The focus on Bryce Cartwright's recent struggles took a new twist against the Melbourne Storm – a week after the Titans recruit was heavily criticised by former player Michael Ennis for playing "weak" at his new club.
Players go through stages of their Telstra Premiership career where their form dips but Cartwright's start to life on the Gold Coast has been a cause for concern.
Injuries and off-field issues at the Panthers in the past 18 months took their toll on a player once earmarked as a future NSW forward, but after signing on a long-term marquee deal at the Gold Coast, the spotlight is unlikely to go away anytime soon.
He had been named 18th man for Gold Coast's clash with Newcastle this Saturday but got a reprieve on Friday after Kevin Proctor was unable to prove his fitness after suffering a groin injury from Cameron Smith's controversial tackle.
Cartwright's lack of effort tackling Storm five-eighth Cameron Munster as he scored a try last Saturday capped off an unhappy night out for the 23-year-old, just when everyone hoped things wouldn't get any worse.
His former Penrith teammate Trent Merrin said the public needed to lay off criticising Cartwright's game.
"The only person that really knows what was going on in that moment is Carty and that's all he needs to focus on and work harder on," Merrin told NRL.com.
"But for Carty, there is always another game coming up and it will be forgotten about in two weeks. He needs to concentrate on the new week and get the fundamentals right."
Merrin didn't agree with the public bashing Cartwright has received in the past month and wanted the former Panther to be given the chance to find his feet again after admitting his head space wasn't at its best.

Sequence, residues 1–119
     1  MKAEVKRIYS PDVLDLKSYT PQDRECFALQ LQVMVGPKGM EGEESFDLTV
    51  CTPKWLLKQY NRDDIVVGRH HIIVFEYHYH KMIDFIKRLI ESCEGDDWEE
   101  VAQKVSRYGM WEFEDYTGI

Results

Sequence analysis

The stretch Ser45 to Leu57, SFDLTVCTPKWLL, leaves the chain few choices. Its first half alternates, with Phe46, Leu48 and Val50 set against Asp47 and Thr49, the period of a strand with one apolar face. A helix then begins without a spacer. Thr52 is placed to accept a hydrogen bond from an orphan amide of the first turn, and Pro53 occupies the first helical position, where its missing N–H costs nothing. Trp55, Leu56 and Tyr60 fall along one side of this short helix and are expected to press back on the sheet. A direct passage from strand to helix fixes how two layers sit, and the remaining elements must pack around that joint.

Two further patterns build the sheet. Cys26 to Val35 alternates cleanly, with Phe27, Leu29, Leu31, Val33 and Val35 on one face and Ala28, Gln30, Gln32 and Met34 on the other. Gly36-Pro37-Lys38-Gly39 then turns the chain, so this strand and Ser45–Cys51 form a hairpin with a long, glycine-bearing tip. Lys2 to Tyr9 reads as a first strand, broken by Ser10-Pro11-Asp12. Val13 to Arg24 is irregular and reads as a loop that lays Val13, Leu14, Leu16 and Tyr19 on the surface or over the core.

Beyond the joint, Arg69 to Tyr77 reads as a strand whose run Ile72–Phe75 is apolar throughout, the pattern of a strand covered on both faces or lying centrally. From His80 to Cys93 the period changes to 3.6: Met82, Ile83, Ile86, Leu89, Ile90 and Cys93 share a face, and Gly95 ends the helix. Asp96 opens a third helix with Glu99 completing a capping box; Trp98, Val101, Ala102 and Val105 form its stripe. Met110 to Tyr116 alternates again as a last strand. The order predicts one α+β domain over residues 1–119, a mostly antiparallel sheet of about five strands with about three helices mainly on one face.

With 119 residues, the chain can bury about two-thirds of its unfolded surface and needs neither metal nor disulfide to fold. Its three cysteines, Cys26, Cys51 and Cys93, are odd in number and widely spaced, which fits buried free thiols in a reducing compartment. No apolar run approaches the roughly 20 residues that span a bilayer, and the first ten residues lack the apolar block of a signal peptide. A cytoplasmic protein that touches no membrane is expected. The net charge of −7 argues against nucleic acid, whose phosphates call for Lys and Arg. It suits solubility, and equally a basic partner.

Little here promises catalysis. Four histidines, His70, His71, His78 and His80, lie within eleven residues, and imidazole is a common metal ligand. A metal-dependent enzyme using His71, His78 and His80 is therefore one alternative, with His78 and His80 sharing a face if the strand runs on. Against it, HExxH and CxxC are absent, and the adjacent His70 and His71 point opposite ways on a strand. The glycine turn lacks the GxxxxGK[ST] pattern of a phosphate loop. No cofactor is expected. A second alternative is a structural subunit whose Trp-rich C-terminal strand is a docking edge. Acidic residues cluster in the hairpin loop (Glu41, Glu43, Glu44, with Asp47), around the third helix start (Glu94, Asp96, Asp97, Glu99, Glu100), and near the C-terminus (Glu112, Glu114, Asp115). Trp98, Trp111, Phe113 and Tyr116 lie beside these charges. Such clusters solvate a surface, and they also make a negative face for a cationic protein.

"I don't like it at all, to be honest," Merrin said.
"I think the criticism has been harsh. We all talk about player welfare and instead of trying to pick someone up everyone wants to bash him down.
"He's stepped out of his comfort zone going to a new club, he was at Penrith since he was a kid. He's moved away to Queensland and yes it was his choice, but we need to help him along the way and we might see some good footy from him.
"The way everything is going he's probably not in the best shape of mind to be playing footy but he's a strong-minded person and needs to get that support around him.
"I don't think bagging someone constantly about the way they're going will help it."
According to NRL.com Stats, Cartwright's career has stumbled in all areas on the back of reduced minutes and inconsistencies in his game.
He found success in the five-eighth role alongside Nathan Cleary at Penrith to produce his best season yet in 2016. But it has all gone downhill since with his confidence at an all-time low.
The key for Cartwright in his early days was his willingness to make as many tackles as required and at a high efficiency rate. His career figures in the past two seasons have been cut in half - none more so than his defensive game with a rise in missed tackles despite a lessened work rate.
"We all know what he's capable of doing. He's a talented footballer and that's what everyone is waiting to see," Merrin said.
"It's about getting his head in the right position and having people around him to pull him back into his style of footy."